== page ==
Imagine if Monsanto announced the debut of a genetically engineered superfood—a vegetable rich in protein and essential vitamins and minerals, perfectly adapted to Africa’s soils and changing climate.
There’d be howls of protest, no doubt, from anti-GMO activists. But also great adulation—possibly a World Food Prize—along with stern lectures about how anti-science romanticism must not impede heroic corporate efforts to “feed the world.”
Thing is, such superfoods exist in Africa. They exist thanks not to the genius and beneficence of a foreign company, but rather through millennia of interactions between Africa’s farmers and its landscape. And while their popularity waned in recent decades as urbanization has swept through the continent, they’re gaining renewed interest from food-security experts and urban dwellers alike, reports a new article by Rachel Cernansky in Nature.
Cernansky focuses on the work of Mary Abukutsa-Onyango, a horticulturalist at Jomo Kenyatta University of Agriculture and Technology in Kenya, who has since the 1990s been a kind of Johnny Appleseed for reviving appetites for indigenous vegetables in Africa. Here’s Cernansky:
Most of the indigenous vegetables being studied in East Africa are leafy greens, almost all deep green in colour and often fairly bitter. Kenyans especially love African nightshade and amaranth leaves (Amaranthus sp.). Spider plant (Cleome gynandra), one of Abukutsa’s favourites for its sour taste, grows wild in East Africa as well as South Asia. Jute mallow has a texture that people love or hate. It turns slimy when cooked — much like okra. … [M]oringa (Moringa oleifera) is not only one of the most healthful of the indigenous vegetables — both nutritionally and medicinally — but it is also common in many countries around the world.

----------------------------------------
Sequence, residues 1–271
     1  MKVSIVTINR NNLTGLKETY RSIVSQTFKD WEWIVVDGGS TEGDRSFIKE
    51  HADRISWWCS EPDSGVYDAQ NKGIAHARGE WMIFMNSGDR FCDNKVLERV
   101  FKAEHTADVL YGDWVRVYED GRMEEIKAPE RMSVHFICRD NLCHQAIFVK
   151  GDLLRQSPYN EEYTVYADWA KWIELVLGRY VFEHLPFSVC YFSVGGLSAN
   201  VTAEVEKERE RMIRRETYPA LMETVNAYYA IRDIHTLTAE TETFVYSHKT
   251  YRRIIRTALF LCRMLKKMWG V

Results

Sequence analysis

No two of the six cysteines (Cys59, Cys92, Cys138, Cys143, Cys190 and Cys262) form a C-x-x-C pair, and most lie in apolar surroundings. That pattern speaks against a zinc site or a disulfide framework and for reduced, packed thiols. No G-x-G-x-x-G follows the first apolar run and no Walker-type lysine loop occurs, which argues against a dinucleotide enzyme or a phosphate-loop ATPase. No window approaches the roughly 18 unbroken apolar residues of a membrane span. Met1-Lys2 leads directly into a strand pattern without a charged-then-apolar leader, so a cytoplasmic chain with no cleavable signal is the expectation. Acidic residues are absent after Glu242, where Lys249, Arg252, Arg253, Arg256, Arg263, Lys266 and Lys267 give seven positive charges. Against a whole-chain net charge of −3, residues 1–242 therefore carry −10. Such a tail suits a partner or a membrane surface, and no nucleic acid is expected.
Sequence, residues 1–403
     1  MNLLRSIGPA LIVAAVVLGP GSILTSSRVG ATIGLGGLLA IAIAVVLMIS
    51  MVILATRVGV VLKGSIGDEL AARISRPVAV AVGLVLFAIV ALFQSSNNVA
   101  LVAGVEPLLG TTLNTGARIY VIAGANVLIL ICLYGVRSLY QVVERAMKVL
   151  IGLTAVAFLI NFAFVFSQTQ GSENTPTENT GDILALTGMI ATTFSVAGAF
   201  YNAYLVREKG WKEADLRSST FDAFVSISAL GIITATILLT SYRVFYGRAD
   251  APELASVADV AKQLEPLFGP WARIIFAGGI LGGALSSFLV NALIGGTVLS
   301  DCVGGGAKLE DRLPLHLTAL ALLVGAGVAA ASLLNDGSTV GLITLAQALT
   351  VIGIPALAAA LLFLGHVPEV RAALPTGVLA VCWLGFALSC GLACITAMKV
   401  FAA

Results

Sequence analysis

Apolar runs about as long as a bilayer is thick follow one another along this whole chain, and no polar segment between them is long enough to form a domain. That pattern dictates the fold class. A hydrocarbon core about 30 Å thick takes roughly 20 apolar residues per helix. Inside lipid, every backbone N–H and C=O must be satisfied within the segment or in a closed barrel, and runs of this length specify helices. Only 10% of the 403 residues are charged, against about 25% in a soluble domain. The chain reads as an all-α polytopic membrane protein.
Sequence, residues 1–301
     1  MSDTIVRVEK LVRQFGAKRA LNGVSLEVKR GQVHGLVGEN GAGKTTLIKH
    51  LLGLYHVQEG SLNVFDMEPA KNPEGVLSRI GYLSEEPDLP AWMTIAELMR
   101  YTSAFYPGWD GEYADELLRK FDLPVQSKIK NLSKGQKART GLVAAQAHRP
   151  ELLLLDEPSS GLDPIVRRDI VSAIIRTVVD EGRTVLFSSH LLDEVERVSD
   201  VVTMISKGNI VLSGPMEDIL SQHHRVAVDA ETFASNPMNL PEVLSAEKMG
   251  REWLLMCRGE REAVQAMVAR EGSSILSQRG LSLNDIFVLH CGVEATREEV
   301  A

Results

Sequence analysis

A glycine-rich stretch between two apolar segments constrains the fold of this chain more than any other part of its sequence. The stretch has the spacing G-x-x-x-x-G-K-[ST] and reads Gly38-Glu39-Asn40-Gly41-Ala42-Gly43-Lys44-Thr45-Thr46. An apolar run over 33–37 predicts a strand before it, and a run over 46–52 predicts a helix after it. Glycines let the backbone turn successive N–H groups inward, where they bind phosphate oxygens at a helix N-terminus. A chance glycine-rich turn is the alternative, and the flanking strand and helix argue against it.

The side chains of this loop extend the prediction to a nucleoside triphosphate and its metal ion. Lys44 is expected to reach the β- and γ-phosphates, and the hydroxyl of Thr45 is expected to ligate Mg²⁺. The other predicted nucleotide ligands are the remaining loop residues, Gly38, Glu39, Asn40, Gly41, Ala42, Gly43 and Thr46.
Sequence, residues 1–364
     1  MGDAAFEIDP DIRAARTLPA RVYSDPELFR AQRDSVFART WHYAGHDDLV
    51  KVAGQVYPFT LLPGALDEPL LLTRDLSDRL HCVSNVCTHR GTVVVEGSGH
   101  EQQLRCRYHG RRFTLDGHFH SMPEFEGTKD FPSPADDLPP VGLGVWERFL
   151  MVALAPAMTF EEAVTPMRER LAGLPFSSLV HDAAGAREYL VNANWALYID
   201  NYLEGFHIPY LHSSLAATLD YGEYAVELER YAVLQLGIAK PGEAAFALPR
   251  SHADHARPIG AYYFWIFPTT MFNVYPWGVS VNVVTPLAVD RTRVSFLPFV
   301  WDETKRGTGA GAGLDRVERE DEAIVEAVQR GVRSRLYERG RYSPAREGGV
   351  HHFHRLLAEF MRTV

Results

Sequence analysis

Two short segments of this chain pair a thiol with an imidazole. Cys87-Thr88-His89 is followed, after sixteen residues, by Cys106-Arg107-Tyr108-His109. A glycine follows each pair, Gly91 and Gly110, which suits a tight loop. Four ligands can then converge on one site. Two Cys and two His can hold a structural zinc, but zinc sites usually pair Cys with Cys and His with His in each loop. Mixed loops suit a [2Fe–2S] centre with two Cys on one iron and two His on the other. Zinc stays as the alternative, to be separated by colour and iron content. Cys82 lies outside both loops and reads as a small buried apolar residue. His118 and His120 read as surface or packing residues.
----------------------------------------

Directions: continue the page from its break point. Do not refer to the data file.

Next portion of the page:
In a 2010 paper, Abukutsa-Onyango demonstrated the nutritional punch packed by these foodstuffs. This chart, pulled from the paper, shows how African vegetables like the leaves of amaranth, pumpkin, and cowpea (black-eyed pea) plants outshine rival western greens that have been introduced into African agriculture over the past century.
Then there’s the leaves of the moringa tree, native to Africa and parts of Asia, which, according to the anti-hunger nonprofit Trees for Life International, deliver three times more vitamin A than carrots, seven times more vitamin C than oranges, and twice the protein of cow’s milk, per 100 grams.
Unlike “exotic” (i.e., non-native to Africa) vegetables like kale and cabbage, these crops are adapted to Africa’s soils and growing conditions. “Most of the traditional varieties are ready for harvest much faster than non-native crops, so they could be promising options if the rainy seasons become more erratic—one of the predicted outcomes of global warming,” Cernansky writes.
As a result of these advantages, indigenous vegetables are gaining traction throughout East Africa. Traditional markets, supermarkets, and restaurant menus in Nairobi feature them heavily, Cernansky reports. As a result, “Kenyan farmers increased the area planted with such greens by 25 percent between 2011 and 2013.” They’re also gaining ground in Western Africa.
Of course, spiderplant and cowpea leaves are a long way from solving Africa’s nutritional problems. As of 2013, indigenous vegetables accounted for just 6 percent of Kenya’s total vegetable market, reports SciDevNet. Despite growing demand, SciDevNet found, production is constrained by the same factors that haunt African food security broadly: poor infrastructure (roads, rail, etc.) for bringing fresh food from farm to market, along with a dearth of investment in research and development.
There are no simple answers, no silver bullets, to the problem of ensuring a robust food supply on a warming planet with a growing population. But it’s important to remember that the best, cheapest solutions aren’t necessarily the ones that emerge from patent-seeking laboratories.
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